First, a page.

And so many more! See _StarLordJames_JourneyToTheCenterofAutoCAD_Variables for more great links and tables for Text/Annotation, Blocks, Geomaps and more.

Another great feature they gave to us was the System Variable Monitor! Well get to that in a minute.

Wrestling the beast (AutoCAD)… Why it appears to have a mind of its own from one computer to another!

Let me address that first question from earlier, “Ever wonder why if you open a drawing on your computer and then on another computer they act differently?”

Yup it’s probably like my boss said, It’s one of those SYSTEM VARIABLES... The issue is, some of these variables are stored in the DWG, and some are store in the computer. So, when AutoCAD is acting funny, it is probably a variable that is computer based. (Side note, could be a service pack too)

How can you tell if a variable is a DWG or Computer based?

You can use this old tool, that you probably never knew was there, I didn’t, and it’s called SYSVDLG (Express Tool). You can also use this tool to save/export from one computer to another. Some Monsters, I mean variables reside in the “Drawing”, some in the computer “Registry”, some are “Not Saved” at all. Because of this if someone’s computers variables controlled by the “Registry” is the reason you can get different results

Solution: You can use the SYSVDLG (Express Tool) To determine where a specific variable is “Saved in:”.

Releasing the steam, from your frustration! How can I know when a variable is not to my preference?

Well your wish is my command, well, it’s the System Variable Monitor Command. A slick tool that came out in AutoCAD 2016. There are tons of YouTube videos on the process, here is a quick one by Autodesk: System Variable Monitor:

Add this item to your packing list before setting off on your AutoCAD Variable adventure!!!

Below I have comprised a list of system variables that you might want to add to your variable monitor. 

Don’t let your fellow adventurers (co-workers) go it alone, Sharing is caring...

Well, sharing these with others is not as easy from the computer located variables. You can create a custom profile and share that way. We can cover that in a future adventure (article), on the meantime go search the HUGE Autodesk University for Custom AutoCAD profiles.

OR!!!! You can use that same old tool I mentioned above, that like me, you probably never knew was there.... SYSVDLG (Express Tool) To transfer those variable settings from one computer to another. Here’s a video by Autodesk-er Jeff Bartels.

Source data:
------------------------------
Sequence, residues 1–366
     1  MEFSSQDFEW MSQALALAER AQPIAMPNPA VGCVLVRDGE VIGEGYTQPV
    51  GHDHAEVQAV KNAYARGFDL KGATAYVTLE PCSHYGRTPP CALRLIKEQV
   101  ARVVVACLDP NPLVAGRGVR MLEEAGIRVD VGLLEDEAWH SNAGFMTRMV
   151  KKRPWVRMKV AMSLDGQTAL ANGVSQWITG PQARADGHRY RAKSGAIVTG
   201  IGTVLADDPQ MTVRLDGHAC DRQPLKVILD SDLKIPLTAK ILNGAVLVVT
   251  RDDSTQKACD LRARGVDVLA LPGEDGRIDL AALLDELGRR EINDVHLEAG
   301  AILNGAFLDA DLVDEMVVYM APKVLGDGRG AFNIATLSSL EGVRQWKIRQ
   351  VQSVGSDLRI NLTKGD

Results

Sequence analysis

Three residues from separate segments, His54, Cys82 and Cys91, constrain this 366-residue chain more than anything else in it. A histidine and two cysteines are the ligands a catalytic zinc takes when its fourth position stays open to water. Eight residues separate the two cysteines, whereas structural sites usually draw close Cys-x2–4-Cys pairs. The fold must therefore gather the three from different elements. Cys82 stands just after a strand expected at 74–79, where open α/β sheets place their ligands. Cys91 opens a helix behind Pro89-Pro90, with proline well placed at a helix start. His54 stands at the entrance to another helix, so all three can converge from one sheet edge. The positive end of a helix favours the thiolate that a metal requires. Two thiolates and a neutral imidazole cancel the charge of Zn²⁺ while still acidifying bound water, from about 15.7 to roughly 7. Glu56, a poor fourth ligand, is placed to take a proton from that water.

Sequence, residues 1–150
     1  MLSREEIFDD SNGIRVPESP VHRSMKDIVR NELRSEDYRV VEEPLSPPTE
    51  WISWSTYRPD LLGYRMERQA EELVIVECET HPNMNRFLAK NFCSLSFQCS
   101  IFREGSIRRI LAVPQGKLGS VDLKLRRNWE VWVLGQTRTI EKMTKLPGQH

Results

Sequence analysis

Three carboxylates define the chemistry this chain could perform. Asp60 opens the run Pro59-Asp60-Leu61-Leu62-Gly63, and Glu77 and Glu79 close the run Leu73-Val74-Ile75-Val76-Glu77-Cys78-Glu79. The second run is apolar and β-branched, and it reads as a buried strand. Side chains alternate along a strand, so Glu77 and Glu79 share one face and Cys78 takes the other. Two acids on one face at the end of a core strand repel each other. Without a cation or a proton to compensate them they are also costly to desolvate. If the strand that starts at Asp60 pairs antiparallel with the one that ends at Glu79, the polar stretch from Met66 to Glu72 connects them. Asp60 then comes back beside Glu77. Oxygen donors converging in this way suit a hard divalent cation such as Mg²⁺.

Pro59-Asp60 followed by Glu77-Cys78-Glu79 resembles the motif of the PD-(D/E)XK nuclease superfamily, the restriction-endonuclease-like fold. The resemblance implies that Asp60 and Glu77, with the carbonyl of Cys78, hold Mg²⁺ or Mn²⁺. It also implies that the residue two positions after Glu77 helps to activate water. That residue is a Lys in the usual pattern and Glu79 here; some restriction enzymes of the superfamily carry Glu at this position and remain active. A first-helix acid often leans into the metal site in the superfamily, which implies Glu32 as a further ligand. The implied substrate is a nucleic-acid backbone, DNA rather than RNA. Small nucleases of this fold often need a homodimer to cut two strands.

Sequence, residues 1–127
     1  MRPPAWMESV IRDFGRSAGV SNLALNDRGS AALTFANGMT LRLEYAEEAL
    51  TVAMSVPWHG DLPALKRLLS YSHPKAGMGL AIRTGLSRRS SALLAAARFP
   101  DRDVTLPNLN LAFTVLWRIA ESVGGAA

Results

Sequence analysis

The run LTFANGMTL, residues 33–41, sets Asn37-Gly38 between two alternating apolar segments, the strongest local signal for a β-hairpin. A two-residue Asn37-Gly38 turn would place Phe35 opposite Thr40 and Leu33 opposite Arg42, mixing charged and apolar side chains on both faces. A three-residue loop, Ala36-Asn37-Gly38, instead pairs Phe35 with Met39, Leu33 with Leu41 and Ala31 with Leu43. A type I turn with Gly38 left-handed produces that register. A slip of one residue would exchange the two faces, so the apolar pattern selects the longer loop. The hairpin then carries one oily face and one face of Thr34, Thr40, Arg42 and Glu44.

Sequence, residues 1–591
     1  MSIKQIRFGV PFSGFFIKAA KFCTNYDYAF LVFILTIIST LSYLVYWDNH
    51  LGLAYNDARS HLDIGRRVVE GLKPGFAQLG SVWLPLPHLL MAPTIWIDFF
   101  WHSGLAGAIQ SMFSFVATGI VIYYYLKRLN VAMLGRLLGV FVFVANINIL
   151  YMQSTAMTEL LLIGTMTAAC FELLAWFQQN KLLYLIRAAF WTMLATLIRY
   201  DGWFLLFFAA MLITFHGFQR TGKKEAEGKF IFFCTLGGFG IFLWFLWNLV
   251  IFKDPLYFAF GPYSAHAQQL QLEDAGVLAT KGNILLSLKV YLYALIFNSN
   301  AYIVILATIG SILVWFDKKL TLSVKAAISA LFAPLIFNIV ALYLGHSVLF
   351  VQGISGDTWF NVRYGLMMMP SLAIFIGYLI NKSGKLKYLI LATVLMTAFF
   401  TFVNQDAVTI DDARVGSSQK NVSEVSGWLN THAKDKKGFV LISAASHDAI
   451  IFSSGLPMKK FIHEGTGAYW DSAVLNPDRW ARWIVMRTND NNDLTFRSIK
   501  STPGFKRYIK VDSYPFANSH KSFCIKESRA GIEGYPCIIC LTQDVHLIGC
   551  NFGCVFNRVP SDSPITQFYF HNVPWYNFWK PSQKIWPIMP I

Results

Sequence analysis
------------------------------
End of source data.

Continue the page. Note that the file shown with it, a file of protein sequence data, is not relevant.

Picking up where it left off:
Getting more out of AutoCAD:

To even further wet your appetite here is a PDF doc that has a list of variables and commands you might find useful. See _StarLordJames_JourneyToTheCenterofAutoCAD_Variables for more useful variables.

See you on the next adventure – StarLordJames (James Lord)

James Lord is 100% nerd at heart. I love all new technology, software and any futurist view I can get my hands on. I enjoy learning about new features or deciphering the inner-workings and I especially love discovering new uses for things not originally intended. Creating new workflows to increase efficiency is always my goal in whatever I do. “Why do something the hard way or waste time just because that is the way we have always done it?” I love traveling, meeting new people and just listening to their stories, issues or concerns. It really doesn't matter if it is a personal or a technical issue, the joy comes from trying to figure out a solution to that issue, or just letting someone vent. Being helpful in any way is a truly rewarding experience. As a presenter, teacher, instructor and mentor, I am always trying to find a better and more entertaining way to effectively communicate with people. We all learn and process information differently, so I try to adapt on the fly when I can tell someone is just not getting it. If you can make it fun, then they are more likely to remember. Sometimes the content can be a bit dense, so it is entertaining to play a game or put a spin on it, like when I was tasked to create an instructional video about using a plotter. I threw in a little Star Wars to spice it up: . Checkout more of my published articles via my LinkedIn page: